Labour Mobility: By two-to-one margin, Canadians support banning non-compete clauses

In the wake of Ontario banning the clauses in 2021, widespread support to see them banned elsewhere

January 11, 2024 – The labour market is uncertain as Canadian workers trudge into 2024, with some experts expecting caution to be the operating principle for both businesses and employees, after recent years rife with upheaval.

One element that may help to free up labour mobility is a policy already implemented in Ontario. In 2021, the province banned non-compete clauses, which are written into the contracts of some employees, barring them from working for employer’s competitors for a time after leaving their initial position.

According to new data from the non-profit Angus Reid Institute, this idea is largely popular among the Canadian public, with half of Canadians (52%) saying that this should be the standard in Canada, and half as many (27%) opposing a ban.

Support for doing away with non-competes is highest in B.C. and Ontario, and while still a plurality view, lowest in Saskatchewan.

Advocates for non-compete clauses suggest that they are needed to prevent competitors from gaining an unfair advantage when hiring recently departed employees from rivals. This argument is more popular among Canadians older than 54 but does not rise higher than 32 per cent among any age and gender grouping.



About ARI

The Angus Reid Institute (ARI) was founded in October 2014 by pollster and sociologist, Dr. Angus Reid. ARI is a national, not-for-profit, non-partisan public opinion research foundation established to advance education by commissioning, conducting and disseminating to the public accessible and impartial statistical data, research and policy analysis on economics, political science, philanthropy, public administration, domestic and international affairs and other socio-economic issues of importance to Canada and its world.


In 2021, Ontario became the first province in Canada to ban non-compete clauses. The clause is written into the contracts of some employees, barring them from working from the employer’s competitors for a certain period after they are no longer working for the employer’s company. One-quarter (27%) of Canadians say they have been subject to a non-compete clause, similar numbers to those seen in the United States (see detailed tables).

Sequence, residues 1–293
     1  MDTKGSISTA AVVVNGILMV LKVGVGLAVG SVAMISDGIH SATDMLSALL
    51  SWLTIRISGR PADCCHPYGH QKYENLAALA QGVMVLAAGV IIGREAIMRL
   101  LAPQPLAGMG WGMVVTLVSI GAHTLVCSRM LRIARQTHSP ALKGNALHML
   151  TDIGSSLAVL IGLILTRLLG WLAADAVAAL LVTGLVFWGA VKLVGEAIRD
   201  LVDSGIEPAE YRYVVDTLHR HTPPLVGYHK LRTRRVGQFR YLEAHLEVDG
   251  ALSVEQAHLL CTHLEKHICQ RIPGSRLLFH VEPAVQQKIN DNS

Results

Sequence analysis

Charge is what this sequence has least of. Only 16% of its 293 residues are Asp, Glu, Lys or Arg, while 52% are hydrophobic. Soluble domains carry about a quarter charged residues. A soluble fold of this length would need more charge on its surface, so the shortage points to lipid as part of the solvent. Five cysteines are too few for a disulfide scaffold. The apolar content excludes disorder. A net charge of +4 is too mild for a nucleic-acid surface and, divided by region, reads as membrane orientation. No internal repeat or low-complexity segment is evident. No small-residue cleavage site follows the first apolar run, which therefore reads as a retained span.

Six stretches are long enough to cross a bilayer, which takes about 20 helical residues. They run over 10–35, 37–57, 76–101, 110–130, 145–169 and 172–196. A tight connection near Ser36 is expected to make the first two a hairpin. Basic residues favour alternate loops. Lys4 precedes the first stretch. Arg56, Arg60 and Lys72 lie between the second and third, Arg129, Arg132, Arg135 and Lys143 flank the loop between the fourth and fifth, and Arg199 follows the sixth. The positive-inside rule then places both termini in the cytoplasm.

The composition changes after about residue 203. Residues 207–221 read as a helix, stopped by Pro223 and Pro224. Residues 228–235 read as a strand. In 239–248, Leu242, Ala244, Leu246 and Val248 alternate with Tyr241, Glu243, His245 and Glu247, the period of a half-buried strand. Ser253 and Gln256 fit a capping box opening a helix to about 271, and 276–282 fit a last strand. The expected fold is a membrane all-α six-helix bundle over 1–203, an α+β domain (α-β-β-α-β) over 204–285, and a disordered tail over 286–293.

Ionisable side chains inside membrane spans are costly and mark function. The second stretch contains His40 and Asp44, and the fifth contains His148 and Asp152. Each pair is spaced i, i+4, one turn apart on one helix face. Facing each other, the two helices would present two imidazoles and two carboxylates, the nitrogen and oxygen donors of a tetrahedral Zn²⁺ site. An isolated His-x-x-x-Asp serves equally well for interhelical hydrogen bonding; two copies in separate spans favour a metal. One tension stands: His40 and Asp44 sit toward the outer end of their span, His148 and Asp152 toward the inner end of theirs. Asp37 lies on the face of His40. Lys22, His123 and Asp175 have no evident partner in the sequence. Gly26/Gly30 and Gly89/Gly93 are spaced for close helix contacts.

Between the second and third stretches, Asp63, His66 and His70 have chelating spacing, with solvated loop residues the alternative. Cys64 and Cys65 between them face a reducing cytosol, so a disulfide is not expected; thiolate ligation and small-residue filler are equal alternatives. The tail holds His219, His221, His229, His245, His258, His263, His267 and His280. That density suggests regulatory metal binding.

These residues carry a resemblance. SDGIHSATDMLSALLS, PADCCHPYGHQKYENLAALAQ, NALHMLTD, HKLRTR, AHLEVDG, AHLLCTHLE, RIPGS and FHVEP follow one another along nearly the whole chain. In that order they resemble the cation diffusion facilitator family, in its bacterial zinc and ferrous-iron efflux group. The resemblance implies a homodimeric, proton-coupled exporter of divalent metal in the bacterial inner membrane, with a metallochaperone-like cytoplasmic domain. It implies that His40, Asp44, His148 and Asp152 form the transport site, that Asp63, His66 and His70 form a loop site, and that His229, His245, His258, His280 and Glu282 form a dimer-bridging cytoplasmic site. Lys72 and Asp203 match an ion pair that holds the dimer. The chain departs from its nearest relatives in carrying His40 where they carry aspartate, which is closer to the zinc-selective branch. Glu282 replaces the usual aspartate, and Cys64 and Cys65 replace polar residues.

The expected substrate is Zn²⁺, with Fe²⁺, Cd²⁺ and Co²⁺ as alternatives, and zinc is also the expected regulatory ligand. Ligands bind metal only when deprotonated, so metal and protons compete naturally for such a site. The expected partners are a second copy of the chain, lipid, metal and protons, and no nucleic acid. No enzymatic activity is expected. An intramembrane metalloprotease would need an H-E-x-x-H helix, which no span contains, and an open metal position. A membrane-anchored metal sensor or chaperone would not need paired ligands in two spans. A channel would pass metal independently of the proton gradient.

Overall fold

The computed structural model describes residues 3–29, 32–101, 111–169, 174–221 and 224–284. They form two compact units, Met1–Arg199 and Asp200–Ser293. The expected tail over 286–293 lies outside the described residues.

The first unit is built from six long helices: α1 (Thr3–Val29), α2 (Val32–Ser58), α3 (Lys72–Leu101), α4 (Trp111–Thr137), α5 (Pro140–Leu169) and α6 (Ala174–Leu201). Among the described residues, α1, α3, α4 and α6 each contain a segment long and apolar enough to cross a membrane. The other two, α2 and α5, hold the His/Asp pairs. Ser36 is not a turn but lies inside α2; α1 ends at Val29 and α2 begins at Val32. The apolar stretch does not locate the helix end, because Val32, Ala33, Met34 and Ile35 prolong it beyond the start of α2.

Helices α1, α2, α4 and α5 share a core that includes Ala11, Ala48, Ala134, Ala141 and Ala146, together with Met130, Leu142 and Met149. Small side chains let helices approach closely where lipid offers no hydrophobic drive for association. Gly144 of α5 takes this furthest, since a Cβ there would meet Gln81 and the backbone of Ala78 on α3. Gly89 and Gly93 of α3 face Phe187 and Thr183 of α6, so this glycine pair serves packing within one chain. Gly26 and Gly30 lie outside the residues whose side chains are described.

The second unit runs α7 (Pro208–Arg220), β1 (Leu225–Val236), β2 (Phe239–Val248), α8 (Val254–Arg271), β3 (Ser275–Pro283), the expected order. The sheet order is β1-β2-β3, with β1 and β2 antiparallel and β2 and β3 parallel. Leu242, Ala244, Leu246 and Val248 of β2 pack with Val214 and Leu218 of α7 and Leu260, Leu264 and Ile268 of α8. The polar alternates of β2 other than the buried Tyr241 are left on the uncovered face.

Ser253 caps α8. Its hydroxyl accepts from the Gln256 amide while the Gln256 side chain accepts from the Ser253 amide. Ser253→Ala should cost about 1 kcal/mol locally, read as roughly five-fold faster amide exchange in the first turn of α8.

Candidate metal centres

Prior to Ontario’s banning of the clauses, employment lawyers had sounded the alarm that non-compete clauses were becoming more common. This despite the clauses often failing to stand up to court challenges, where judges often strike them down for being too broad. That also aligns with the legal situation in the U.S., where the National Labor Relations Board published legal guidance arguing that non-compete agreements can violate federal labour law if they’re too all-encompassing.

Canadians are twice as likely to support (52%) as oppose (27%) the banning of non-compete clauses in the wake of Ontario’s decision. At least half of all demographics support banning these clauses:

A majority (56%) in Ontario support the banning of non-compete clauses. There is also a high level of support for banning the clauses in B.C. (56%) and Alberta (55%). Saskatchewan and Quebec are the only two provinces where fewer than half (44%) support banning non-compete clauses, but still a plurality would support the Ontario law in their province:

There is some agreement on this matter across political affiliations. Majorities of past CPC (54%), Liberal (56%) and NDP (57%) support banning non-compete clauses.

Survey Methodology:

The Angus Reid Institute conducted an online survey from Aug. 25-29, 2023 among a representative randomized sample of 2,023 Canadian adults who are members of Angus Reid Forum. For comparison purposes only, a probability sample of this size would carry a margin of error of +/- 2 percentage points, 19 times out of 20. Discrepancies in or between totals are due to rounding. The survey was self-commissioned and paid for by ARI.

For detailed results by age, gender, region, education, and other demographics, click here.

To read the full report, including detailed tables and methodology, click here.

To read the questionnaire, click here.

Image – Gabrielle Henderson/Unsplash


Shachi Kurl, President: 604.908.1693 @shachikurl

Dave Korzinski, Research Director: 250.899.0821 @davekorzinski

Jon Roe, Research Associate: 825.437.1147 @thejonroe

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